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Golden Knights’ system change influenced by Lightning’s success

Golden Knights coach Pete DeBoer had several reasons for switching to a 1-1-3 neutral-zone forecheck this season, not the least of which was his own familiarity and success with the system.

But in a copycat league like the NHL, the Tampa Bay Lightning’s success using the scheme did not go unnoticed, either.

The Knights will see the league’s master practitioners of the 1-1-3 neutral-zone setup Saturday when they close out their difficult road trip against the two-time defending Stanley Cup champion Lightning at Amalie Arena.

“It was a matter of obviously seeing that Tampa was using it effectively, but also I have a long history with it, felt as you get to know the group that it could help our group,” DeBoer said. “It’s still a work in progress. I like what it’s done for our group when we play it well, but we’ve still got to work on some of the details of it.”

New Jersey reached the Stanley Cup Final in 2012 using the 1-1-3 when DeBoer was behind the bench. But he was reluctant to go away from the 1-2-2 system that brought the Knights so much success their first four seasons after being hired in January 2020.

The change this season was partly influenced by Tampa Bay’s success using the 1-1-3 and how well it’s worked for other teams recently.

Washington won the 2018 Stanley Cup under coach Barry Trotz, who then helped transform the New York Islanders into a contender with the system. The Knights were eliminated from the playoffs the past two seasons by Dallas and Montreal, each of which utilized a defensive-minded version of the 1-1-3 structure.

Unlike the Knights’ old system, the 1-1-3 has the weak-side winger lined up with the defensemen across the blue line to deny zone entries. The idea is to create more turnovers in the neutral zone, which in turn lead to more transition scoring chances off the rush.

But learning the new forecheck was an adjustment for the Knights early, and the rash of injuries and new players in the lineup didn’t ease the transition.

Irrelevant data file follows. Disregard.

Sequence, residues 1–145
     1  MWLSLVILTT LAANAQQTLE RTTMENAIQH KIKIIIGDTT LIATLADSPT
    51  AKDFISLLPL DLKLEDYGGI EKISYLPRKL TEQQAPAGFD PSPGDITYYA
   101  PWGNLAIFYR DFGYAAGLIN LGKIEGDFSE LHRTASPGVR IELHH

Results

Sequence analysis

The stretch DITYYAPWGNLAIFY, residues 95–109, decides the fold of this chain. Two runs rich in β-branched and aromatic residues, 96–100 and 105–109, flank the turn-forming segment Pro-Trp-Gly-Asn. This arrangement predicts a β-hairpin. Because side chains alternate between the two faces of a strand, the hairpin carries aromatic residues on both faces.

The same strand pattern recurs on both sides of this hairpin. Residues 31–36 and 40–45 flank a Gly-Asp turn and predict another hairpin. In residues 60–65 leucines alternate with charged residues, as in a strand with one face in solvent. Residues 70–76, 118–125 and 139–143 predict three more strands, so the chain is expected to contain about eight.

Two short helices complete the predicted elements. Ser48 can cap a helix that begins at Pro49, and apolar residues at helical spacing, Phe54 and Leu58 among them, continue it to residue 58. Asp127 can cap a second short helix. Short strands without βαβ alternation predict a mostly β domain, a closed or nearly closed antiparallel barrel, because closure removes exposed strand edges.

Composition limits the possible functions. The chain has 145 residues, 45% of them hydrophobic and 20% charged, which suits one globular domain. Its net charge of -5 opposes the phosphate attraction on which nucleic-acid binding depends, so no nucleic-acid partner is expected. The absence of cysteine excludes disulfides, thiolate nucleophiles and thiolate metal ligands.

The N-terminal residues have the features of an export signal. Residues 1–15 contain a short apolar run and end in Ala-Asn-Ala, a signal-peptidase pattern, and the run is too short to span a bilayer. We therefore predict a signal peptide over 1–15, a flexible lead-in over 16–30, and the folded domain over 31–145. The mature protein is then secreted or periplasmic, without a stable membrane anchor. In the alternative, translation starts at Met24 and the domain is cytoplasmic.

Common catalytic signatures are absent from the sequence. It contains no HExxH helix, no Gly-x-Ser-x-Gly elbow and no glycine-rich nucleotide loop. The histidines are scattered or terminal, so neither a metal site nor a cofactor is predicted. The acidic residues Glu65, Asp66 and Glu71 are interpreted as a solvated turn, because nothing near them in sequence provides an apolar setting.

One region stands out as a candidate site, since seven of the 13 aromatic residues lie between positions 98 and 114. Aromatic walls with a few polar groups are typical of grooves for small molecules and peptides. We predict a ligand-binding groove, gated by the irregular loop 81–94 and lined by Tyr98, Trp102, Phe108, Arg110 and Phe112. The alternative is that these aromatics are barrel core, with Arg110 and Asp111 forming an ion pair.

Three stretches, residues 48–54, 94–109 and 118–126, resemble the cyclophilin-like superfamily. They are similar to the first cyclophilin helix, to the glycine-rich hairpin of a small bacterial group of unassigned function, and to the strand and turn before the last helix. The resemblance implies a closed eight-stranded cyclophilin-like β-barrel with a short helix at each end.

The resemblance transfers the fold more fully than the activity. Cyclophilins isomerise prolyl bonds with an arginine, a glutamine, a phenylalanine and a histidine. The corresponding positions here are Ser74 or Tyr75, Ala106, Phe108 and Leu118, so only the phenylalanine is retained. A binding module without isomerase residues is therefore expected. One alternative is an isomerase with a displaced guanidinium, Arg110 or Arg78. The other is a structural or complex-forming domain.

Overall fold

“There’s still breakdowns, and good teams find little ways to expose it every now and then, off a change or whatnot,” center Chandler Stephenson said. “Everybody is on the same page now and knows where each other is going to be. It’s just getting better and better. As we keep going here, it’s just going to consistently get better. Hopefully it helps our game in transition.”

The Knights stuck to their system in Monday’s 1-0 win over Washington before Carolina’s pressure flipped the script the following night. Florida also found life difficult for a good portion of the final two periods Thursday before dropping the Knights to 1-1-1 on the trip.

If the Knights can limit the Lightning, they can end their four-game swing through the southeast on a high note.

“It’s just repetitions at this part of the season,” defenseman Shea Theodore said. “We’re going through stretches where we’ve really got it down pat, and we’re turning a lot of pucks over in the neutral zone, and that’s really adding to our offense. If we stick with the plan that Pete’s giving us, we can really start to excel in that area.”

Contact David Schoen at dschoen@reviewjournal.com or 702-387-5203. Follow @DavidSchoenLVRJ on Twitter.

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